Locked Out: The Misery of No Restroom
A reality exists that incites immediate fear and anguish for anyone with inflammatory bowel disease. This reality, when it arrives, hits hard and sends quivers throughout the body like bolts of lightning.
The hard truth I'm referencing is a lack of restroom access.
My husband and I experienced this harsh reality while we were on vacation. Over the years, I've learned no restroom access will ignite from me fast-flowing tears and an immediate response from my ulcerative colitis. Let me explain.
It all started on a beautiful island...
We were vacationing in Key West, Florida. Our niece was getting married at a resort that will remain nameless. As soon as the wedding invitations were sent out, my husband made reservations at this venue. Staying on site would make it convenient and easy during the wedding.
For months, I looked forward to this vacation in Key West. I had never visited the island, and as an Ernest Hemingway fan, I couldn't wait to explore the area he once loved. The resort in which we stayed sits right on the ocean at the southernmost point of the United States. This "boutique hotel" is also revered as a historic property on the island.
Let me be clear: This restored mansion and its elegant rooms and suites do not disappoint. I especially love and appreciate all the Hemingway photos hanging on the mansion's walls. Yes, he hung out at this property at one time.
But one caveat exists at this historic site: It's easy to get locked out.
How did we end up locked out?
Yes, you read that correctly. My husband and I got locked out of our oceanfront bungalow room on the second night there. How is that possible?
When we checked in, we were given 2 identical key cards. One card opened our bungalow, and the other key card provided access into the main house where breakfast is served each day. You can probably figure out how we came to be locked out with identical key cards.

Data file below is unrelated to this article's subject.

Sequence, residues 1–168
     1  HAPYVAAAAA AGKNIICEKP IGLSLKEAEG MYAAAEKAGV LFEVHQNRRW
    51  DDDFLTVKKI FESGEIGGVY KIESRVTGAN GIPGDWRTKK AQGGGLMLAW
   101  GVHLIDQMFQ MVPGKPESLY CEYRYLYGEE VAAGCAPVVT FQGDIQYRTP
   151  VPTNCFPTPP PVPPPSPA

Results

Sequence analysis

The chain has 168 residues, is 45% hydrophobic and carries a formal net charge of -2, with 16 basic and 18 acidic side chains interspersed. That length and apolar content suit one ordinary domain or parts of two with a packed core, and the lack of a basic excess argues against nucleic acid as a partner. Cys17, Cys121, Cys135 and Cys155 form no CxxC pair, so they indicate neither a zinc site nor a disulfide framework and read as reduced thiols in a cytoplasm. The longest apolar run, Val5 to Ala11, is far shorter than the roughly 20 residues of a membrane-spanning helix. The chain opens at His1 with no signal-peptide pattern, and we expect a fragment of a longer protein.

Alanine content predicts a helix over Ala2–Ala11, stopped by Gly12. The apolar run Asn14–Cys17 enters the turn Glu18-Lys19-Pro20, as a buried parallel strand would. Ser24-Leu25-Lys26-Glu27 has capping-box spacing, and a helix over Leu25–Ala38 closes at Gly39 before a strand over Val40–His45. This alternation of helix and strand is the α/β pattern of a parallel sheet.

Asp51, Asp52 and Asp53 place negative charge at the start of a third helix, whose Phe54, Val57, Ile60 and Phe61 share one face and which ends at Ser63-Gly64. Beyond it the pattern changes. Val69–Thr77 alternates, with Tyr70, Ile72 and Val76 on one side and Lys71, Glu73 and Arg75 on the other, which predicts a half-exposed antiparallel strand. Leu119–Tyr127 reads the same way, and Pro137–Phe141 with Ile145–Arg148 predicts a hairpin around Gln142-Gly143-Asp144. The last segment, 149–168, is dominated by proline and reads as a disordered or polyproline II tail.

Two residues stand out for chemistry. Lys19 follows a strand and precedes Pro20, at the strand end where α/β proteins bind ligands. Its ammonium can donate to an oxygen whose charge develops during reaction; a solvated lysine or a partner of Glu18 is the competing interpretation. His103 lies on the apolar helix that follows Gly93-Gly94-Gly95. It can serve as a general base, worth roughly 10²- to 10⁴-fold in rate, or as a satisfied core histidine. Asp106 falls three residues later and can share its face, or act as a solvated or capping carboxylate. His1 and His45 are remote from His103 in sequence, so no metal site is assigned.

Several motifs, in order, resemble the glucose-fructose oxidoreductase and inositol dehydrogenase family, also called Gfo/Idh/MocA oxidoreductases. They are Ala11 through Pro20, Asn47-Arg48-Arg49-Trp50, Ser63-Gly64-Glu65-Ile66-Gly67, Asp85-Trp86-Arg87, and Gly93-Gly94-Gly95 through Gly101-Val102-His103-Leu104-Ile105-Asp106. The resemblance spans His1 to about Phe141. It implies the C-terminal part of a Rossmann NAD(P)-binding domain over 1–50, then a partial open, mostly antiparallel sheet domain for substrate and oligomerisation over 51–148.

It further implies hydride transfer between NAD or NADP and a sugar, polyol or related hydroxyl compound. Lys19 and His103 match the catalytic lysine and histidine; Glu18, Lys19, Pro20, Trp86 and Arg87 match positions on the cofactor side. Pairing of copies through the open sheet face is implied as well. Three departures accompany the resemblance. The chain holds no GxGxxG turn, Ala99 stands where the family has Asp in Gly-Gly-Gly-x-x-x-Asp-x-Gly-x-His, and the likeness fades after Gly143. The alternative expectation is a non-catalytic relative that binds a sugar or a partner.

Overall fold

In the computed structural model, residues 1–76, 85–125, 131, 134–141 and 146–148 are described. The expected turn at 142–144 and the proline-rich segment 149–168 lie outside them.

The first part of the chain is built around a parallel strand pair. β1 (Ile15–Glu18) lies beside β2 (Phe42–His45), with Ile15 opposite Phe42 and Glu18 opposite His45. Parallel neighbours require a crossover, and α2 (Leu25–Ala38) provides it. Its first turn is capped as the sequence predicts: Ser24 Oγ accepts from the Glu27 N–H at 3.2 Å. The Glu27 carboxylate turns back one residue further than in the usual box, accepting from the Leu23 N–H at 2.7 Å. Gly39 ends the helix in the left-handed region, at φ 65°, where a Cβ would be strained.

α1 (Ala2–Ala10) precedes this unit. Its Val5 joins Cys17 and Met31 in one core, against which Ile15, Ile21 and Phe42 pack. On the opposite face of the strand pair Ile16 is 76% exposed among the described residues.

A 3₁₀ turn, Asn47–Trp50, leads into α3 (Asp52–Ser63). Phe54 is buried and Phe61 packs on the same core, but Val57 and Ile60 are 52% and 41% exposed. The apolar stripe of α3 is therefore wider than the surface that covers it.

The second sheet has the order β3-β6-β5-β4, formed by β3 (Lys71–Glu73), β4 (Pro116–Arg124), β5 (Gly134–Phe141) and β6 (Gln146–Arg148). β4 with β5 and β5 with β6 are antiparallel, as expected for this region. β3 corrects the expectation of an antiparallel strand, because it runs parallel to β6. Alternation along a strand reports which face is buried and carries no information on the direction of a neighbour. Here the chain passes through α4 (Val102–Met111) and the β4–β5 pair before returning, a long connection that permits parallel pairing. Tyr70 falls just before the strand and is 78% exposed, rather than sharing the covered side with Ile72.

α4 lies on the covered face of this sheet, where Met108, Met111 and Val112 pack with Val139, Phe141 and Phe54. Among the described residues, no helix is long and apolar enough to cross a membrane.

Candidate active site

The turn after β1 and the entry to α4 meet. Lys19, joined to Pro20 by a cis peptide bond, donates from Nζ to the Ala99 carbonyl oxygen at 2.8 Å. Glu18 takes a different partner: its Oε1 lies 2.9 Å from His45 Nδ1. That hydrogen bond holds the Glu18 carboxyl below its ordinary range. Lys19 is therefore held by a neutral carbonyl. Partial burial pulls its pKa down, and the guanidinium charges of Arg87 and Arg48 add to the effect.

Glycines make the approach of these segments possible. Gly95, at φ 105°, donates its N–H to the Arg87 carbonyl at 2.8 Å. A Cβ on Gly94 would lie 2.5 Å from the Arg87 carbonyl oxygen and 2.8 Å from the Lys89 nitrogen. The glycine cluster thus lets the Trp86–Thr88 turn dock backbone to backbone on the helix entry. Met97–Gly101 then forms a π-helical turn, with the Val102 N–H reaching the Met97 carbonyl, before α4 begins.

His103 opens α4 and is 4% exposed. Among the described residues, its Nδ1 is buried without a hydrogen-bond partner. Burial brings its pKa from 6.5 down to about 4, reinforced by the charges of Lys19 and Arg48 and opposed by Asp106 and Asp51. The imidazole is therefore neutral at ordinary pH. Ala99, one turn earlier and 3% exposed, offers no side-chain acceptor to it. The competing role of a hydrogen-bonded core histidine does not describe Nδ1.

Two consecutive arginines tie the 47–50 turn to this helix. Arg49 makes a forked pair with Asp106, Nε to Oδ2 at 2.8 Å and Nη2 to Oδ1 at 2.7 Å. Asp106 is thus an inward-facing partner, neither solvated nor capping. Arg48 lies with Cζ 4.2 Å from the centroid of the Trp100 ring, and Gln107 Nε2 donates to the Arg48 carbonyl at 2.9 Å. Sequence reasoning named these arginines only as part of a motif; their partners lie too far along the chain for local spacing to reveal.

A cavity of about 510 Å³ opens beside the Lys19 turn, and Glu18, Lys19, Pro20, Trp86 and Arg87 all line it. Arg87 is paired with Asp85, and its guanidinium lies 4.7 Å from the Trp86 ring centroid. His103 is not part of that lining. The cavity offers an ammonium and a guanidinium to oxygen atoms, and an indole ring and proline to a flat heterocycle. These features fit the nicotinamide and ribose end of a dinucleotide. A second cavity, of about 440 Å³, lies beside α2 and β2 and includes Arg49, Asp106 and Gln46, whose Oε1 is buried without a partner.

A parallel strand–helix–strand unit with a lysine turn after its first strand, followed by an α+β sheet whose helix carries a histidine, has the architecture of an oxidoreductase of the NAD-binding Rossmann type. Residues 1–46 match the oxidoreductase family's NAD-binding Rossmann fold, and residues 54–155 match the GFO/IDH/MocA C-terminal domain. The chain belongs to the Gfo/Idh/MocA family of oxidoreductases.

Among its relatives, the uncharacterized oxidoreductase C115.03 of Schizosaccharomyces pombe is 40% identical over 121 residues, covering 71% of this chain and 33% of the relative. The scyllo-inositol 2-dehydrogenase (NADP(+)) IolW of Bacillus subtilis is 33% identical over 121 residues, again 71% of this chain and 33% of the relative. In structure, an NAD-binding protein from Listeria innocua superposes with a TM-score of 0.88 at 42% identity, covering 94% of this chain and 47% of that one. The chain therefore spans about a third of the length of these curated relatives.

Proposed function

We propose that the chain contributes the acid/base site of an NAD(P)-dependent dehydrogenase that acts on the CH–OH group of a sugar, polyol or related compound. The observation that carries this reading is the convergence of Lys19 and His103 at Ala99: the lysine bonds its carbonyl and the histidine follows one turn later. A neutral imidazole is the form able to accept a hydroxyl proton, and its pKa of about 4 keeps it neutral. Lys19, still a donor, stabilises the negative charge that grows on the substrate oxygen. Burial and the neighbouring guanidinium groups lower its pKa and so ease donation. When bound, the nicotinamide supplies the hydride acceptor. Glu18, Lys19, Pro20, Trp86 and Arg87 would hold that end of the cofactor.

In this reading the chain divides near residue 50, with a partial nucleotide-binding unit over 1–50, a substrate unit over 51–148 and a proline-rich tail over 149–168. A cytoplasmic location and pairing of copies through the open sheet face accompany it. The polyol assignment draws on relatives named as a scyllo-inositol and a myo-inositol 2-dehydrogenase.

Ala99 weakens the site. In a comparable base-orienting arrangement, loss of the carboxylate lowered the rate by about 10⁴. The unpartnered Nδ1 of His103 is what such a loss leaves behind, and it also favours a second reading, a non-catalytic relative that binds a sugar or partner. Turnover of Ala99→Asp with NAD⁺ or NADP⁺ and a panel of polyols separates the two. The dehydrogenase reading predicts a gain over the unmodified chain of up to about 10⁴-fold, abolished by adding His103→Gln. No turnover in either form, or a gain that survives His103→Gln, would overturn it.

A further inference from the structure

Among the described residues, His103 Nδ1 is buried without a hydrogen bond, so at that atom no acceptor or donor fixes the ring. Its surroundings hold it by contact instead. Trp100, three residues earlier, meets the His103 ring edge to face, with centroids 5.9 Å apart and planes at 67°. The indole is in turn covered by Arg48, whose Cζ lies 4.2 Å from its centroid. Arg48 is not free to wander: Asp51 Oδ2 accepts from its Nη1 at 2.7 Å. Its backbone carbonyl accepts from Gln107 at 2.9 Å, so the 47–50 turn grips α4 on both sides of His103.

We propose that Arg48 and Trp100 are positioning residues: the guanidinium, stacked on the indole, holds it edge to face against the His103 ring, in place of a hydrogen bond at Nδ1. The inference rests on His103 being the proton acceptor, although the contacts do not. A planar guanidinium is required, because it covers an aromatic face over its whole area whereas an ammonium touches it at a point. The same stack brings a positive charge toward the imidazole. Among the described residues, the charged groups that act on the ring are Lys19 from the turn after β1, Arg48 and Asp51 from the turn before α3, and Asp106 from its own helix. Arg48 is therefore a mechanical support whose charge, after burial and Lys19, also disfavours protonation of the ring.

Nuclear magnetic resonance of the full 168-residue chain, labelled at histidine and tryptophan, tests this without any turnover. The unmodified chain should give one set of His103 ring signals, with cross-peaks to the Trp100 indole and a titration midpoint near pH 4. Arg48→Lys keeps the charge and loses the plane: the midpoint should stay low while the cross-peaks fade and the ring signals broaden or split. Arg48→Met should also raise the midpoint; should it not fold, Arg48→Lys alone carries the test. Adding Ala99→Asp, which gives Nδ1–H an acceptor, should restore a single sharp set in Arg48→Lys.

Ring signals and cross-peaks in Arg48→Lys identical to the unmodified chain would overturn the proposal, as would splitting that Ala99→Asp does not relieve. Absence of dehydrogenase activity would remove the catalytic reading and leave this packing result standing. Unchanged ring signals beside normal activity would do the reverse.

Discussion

Yep, one evening after returning from listening to live music on Duval Street, my husband and I decided to take a quick dip in the pool to unwind before bed. We changed into our swim suits, he grabbed a bottle of wine and glasses, and I grabbed the "room key."
IBD panic ignites
To shorten this long story, I grabbed the wrong key. After midnight when we decided to return to our room, we realized the error. We couldn't get inside. Outside in the late night, we stood with no shoes, no cell phone, and no clothes other than the wet swimsuits we were wearing.
My colitis dragon started to stir. What could we do?
Since the card we had opened the main house, we decided to venture inside. Maybe there we would find a restroom and a way to contact someone.
Sadly, all that was available inside the house was the main office used for checking in guests and stairs that led to locked rooms and a balcony. An office phone did allow us to leave numerous voicemail messages for someone who was supposed to help in "locked out" scenarios. At least, that's what a sign said on the main house door. But no one answered our messages.
A storm from my colon
With thunder and lightning looming outside, my husband thought we were safest staying out on the second floor balcony. But without a restroom, what was I going to do? It was now late into the night. All nearby businesses were closed.
My colitis dragon roared louder. I needed a restroom... STAT.